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Blame it on the weather. When it comes down to it, it seems the weather determines so much of what happens in our lives, from how we feel to where we go. The weather has such a significant impact on everything. Stocks too. You’ll see.
It isn’t only spring which is upon us, no, it is earnings season too, and so far results have been than expected. The sample size is small with just 30 of the S&P 500 companies reporting, but the data looks strong to this point. According to the latest data from S&P Dow Jones Indexes, 83% of companies have beaten results, while 17% have missed, with 0% meeting.
(Data From S&P Dow Jones)
It would be shocking if the trend continued at this pace, but it does point to the narrative we have spoken about before, expectations may have fallen too far. Currently, S&P Dow Jones Indexes suggests that operating earnings rise 41 basis points to $36.69 in the first quarter. Those estimates would continue to suggest that earnings growth reached a low last quarter.
(Data From S&P Dow Jones)
Earnings estimates for the full year continue to decline although modestly, to $164.99 per share in 2019 and $185.78 per share in 2020. It would indicate overall growth of about 9% in 2019 and 12.6% growth in 2020.
(Data From S&P Dow Jones)
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It leaves the S&P 500 trading at 15.65 times 2020 earnings estimates still well below the historical average of around 17 to 18 times since 1988.
Interestingly, Factset revealed that 13 companies had cited FX as a negative headwind in the first quarter, which was up from 12 at the same point in the fourth quarter. Meanwhile, wage and labor cost have had a negative drag on results too, with 10 companies commenting up from 6 at the same time last quarter. But the biggest jump was weather related which increased to 9 companies from 0 companies in the fourth quarter.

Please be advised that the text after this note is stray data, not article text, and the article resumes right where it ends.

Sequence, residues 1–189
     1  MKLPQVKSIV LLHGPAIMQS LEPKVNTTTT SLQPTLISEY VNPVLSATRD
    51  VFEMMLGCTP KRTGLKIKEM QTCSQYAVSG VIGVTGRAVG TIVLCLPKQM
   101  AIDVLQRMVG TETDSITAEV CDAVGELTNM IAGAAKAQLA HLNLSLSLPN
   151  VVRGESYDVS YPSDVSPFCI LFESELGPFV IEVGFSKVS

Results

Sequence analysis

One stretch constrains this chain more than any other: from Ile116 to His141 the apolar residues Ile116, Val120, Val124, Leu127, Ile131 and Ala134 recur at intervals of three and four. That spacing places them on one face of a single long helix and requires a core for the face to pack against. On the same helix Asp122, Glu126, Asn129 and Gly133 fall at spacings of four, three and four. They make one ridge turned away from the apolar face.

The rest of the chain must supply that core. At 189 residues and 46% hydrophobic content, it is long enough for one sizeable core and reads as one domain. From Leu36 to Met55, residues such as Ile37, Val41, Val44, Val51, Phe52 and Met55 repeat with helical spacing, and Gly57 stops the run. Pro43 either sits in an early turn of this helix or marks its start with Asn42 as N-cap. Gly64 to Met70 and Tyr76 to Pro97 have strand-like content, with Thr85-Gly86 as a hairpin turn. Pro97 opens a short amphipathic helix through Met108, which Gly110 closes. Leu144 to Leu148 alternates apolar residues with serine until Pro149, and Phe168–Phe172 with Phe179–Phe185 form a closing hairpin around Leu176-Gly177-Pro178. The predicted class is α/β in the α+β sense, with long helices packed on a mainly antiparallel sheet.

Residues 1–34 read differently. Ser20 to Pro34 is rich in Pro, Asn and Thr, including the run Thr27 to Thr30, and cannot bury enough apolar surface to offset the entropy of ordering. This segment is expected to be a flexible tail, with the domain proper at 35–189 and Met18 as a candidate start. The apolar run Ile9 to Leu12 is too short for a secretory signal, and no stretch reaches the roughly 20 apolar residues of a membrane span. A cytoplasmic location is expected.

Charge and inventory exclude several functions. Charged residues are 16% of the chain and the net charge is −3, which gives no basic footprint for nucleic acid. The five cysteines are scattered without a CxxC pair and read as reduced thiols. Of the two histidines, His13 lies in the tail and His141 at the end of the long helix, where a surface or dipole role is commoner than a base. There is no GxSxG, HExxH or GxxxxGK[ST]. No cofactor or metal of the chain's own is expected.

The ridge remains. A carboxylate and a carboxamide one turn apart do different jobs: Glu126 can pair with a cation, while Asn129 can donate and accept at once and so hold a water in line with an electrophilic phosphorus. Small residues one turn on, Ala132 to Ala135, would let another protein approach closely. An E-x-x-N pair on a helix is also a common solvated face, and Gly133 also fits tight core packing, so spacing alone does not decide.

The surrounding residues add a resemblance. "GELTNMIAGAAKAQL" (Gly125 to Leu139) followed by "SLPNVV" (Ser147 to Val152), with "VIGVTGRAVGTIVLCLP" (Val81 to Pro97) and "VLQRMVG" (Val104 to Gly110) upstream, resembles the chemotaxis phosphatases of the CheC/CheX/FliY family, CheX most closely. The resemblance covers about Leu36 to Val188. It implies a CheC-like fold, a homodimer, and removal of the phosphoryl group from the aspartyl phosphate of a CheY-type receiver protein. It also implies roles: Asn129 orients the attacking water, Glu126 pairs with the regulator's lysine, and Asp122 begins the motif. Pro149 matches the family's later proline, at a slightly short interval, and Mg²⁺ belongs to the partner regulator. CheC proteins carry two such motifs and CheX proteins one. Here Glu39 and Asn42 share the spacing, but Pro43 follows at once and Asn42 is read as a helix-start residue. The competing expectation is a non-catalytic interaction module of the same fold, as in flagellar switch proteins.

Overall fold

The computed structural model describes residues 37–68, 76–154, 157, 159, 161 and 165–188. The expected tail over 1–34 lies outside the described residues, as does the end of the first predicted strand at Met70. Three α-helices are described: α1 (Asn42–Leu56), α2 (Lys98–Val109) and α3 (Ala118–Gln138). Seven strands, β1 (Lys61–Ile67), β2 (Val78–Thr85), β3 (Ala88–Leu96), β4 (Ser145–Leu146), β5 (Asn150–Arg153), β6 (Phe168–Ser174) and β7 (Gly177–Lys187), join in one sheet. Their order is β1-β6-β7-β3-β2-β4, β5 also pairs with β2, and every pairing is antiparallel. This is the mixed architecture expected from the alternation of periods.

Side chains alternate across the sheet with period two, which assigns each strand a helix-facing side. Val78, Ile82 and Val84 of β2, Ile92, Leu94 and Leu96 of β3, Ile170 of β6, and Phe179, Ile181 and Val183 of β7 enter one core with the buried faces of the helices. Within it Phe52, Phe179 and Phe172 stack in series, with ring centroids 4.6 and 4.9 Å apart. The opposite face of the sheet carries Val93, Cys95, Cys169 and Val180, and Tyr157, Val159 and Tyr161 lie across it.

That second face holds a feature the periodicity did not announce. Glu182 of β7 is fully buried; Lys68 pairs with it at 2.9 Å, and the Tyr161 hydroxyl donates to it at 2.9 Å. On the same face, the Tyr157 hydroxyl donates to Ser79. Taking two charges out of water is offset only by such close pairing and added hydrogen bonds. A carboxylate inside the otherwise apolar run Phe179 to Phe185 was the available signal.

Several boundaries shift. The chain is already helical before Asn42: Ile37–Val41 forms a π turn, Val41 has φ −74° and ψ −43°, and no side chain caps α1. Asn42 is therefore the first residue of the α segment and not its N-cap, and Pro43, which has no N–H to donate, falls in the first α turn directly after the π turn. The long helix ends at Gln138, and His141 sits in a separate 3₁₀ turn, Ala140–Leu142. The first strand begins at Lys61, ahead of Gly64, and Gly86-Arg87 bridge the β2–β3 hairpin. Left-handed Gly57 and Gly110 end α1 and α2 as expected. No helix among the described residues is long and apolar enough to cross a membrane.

The weather! You mean it wasn’t the trade wars that have been the big problem or the Fed? The weather! No companies have commented on the Fed so far as the problem, while only 6 have commented on the trade wars, down from 8 last quarter.
Who would have imagined that the icy cold/snowy/rainy weather would have kept people from carrying out business activity?
We will continue to monitor the trend.
The dollar comments may only grow worse though as the quarter continues because the dollar index is up materially since the first quarter of 2018. On February 15, 2018, the dollar index was at roughly 87, on the same day in 2019 it was around 97, an increase of almost 9%.
Improving Weather, Improving Economy.
The good news is that spring is here and at the same time, there are signs the global economy is in recovery mode. This week we found that China exports increased by 14.2% versus last year, and came in ahead of estimates for 7.3%. Meanwhile, Eurozone industrial production fell just to 0.3% versus forecasts for a decline of 1%.
Additionally, the Atlanta Fed GDPNow is forecasting 1Q GDP growth of 2.3%, which is up from estimates of 2.1% last week, and up from around 0.5% in early March. Meanwhile, the NY Fed’s Nowcast is projecting growth of 1.4%. If Atlanta’s Fed GDP forecast proves to be correct it would be higher than the first quarter of 2018 reading of 2.2%.
Wait a Minute?
Then we when looking back over the past couple of years, the second quarter has been by far the best quarter of the year. Maybe, just maybe, we can blame everything on the weather. After all, since 2014, the first quarter of 2015 was the only good first quarter.
So perhaps the world isn’t coming to an end, and maybe the stock market woes of December and January were not due to the tariffs or the Fed, but the crummy weather. Just blame it on the weather.
It sounds naïve, I know. But sometimes it really is that obvious.
Photo From Flickr
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